corner graphic

Bible Dictionaries

Watson's Biblical & Theological Dictionary

Bottle

Resource Toolbox
Additional Links

The eastern bottle is made of a goat or kid skin, stripped off without opening the belly; the apertures made by cutting off the tail and legs are sewed up, and, when filled, it is tied about the neck. The Arabs and Persians never go a journey without a small leathern bottle of water hanging by their side like a scrip. These skin bottles preserve their water, milk, and other liquids, in a fresher state than any other vessels they can use. The people of the east, indeed, put into them every thing they mean to carry to a distance, whether dry or liquid, and very rarely make use of boxes and pots, unless to preserve such things as are liable to be broken. They enclose these leathern bottles in woollen sacks, because their beasts of carriage often fall down under their load, or cast it down on the sandy desert. These skin bottles were not confined to the countries of Asia; the roving tribes, which passed the Hellespont soon after the deluge, and settled in Greece and Italy, probably introduced them into those countries. We learn from Homer, that they were in common use among the Greeks at the siege of Troy; for, with a view to an accommodation between the hostile armies, the heralds carried through the city the things which were necessary to ratify the compact, two lambs, and exhilarating wine, the fruit of the earth, in a bottle of goat skin:

"Αρνε δυω , και οινον ευφρονα , καρπον αρουρης ,

‘Ασκω εν αιγειω .

Il. lib. v. 50. 246.

The bottle of wine which Samuel's mother brought to Eli. 1 Samuel 1:24 , is called נבל , and was an earthen jug. Another word is used to signify the vessel out of which Jael gave milk to Sisera: she opened a bottle of milk, and gave him drink, Judges 4:19 . This is called נאוכּ? which refers to something supple, moist, oozing, or, perhaps, imports moistened into pliancy, as that skin must be which is kept constantly filled with milk. This kind was usually made of goat skins. This word is also used to denote the bottle in which Jesse sent wine by David to Saul, 1 Samuel 16:20 . It is likewise employed to express the bottle into which the Psalmist desires his tears may be collected. Psalms 56:8 ; and that to which he resembles himself, and which he calls a bottle in the smoke, Psalms 119:83 , that is, a skin bottle, blackened and shrivelled. Beside the words already considered, another אבות , in the plural, is used, Job 32:19 . This signifies, in general, to swell or distend. On receiving the liquor poured into it, a skin bottle must be greatly swelled and distended; and it must be swelled still farther by the fermentation of the liquor within it, as that advances to ripeness. In this state, if no vent be given to the liquor, it may overpower the strength of the bottle, or it may penetrate by some secret crevice or weaker part. Hence arises the propriety of putting new wine into new bottles, which, being strong, may resist the expansion, the internal pressure of their contents, and preserve the wine to due maturity; while old bottles may, without danger, contain old wine, whose fermentation is already past, Matthew 9:17 ; Luke 5:38 .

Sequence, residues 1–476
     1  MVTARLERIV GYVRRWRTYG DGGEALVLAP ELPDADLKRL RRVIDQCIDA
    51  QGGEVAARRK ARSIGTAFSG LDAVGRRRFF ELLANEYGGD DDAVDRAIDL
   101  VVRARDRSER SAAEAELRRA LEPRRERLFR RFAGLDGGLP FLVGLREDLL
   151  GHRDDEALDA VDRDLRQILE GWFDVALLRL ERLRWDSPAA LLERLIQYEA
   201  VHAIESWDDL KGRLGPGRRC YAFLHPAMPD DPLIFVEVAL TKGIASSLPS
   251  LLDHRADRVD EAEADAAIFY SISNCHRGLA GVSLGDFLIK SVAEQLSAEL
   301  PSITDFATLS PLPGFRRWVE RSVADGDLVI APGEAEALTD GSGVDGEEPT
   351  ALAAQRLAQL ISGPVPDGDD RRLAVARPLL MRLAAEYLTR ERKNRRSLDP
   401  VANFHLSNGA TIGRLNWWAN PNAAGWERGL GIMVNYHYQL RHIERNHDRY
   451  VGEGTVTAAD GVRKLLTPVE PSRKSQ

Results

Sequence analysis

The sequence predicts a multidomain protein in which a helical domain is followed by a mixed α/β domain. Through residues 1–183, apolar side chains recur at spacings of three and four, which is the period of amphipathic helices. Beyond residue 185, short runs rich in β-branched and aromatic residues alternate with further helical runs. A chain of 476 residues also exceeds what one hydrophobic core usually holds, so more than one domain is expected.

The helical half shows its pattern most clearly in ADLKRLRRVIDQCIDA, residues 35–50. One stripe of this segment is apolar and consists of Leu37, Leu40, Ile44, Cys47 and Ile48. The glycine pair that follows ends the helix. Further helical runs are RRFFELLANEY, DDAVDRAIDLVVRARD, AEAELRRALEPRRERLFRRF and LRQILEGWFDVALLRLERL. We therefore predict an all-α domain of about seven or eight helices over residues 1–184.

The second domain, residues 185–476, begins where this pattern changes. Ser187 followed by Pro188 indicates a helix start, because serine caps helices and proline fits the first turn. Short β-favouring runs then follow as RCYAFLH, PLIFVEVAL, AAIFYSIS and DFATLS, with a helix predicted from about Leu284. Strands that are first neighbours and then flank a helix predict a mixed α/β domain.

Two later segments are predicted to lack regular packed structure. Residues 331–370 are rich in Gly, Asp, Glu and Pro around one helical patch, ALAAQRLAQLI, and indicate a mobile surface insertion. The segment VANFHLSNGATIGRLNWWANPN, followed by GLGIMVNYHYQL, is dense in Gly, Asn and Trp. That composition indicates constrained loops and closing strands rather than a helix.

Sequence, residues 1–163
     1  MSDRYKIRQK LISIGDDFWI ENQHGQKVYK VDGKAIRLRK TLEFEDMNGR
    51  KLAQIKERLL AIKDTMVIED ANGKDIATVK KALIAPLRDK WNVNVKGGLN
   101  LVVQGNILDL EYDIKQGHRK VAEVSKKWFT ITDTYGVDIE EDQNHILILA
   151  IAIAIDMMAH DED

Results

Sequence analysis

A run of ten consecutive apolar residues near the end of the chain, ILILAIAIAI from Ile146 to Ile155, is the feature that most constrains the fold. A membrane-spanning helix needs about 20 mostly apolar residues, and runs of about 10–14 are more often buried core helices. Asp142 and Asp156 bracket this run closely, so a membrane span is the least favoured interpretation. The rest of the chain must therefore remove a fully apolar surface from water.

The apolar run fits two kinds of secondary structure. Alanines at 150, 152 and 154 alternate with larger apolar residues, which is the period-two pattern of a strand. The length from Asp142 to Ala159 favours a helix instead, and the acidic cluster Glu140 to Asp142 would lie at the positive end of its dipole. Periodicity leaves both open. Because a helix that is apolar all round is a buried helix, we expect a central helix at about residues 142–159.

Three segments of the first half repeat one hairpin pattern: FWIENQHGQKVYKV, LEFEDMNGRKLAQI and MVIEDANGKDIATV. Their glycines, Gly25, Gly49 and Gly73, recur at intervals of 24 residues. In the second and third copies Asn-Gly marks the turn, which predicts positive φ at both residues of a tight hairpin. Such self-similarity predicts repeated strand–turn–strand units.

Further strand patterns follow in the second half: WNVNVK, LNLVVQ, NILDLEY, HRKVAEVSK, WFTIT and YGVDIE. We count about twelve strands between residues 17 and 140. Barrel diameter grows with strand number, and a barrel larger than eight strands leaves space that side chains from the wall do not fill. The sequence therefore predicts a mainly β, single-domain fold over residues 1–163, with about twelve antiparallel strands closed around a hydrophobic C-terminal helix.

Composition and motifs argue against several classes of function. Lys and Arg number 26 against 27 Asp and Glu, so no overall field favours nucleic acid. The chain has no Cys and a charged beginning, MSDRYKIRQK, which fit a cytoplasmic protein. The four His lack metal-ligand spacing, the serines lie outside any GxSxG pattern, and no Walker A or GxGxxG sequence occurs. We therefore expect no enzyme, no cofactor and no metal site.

Copyright Statement
These files are public domain.
Text Courtesy of BibleSupport.com. Used by Permission.

Bibliography Information
Watson, Richard. Entry for 'Bottle'. Richard Watson's Biblical & Theological Dictionary. https://www.studylight.org/dictionaries/wtd/b/bottle.html. 1831-2.

Search for…
Enter query in the box:
 or 
Choose a letter to browse:
A  B  C  D  E  F  G  H  I  J  K  L  M 
N  O  P  Q  R  S  T  U  V  W  X  Y  Z 

 
Prev Entry
Bosses
Next Entry
Bouddhists
To report dead links, typos, or html errors or suggestions about making these resources more useful use our convenient contact form
Powered by Lightspeed Technology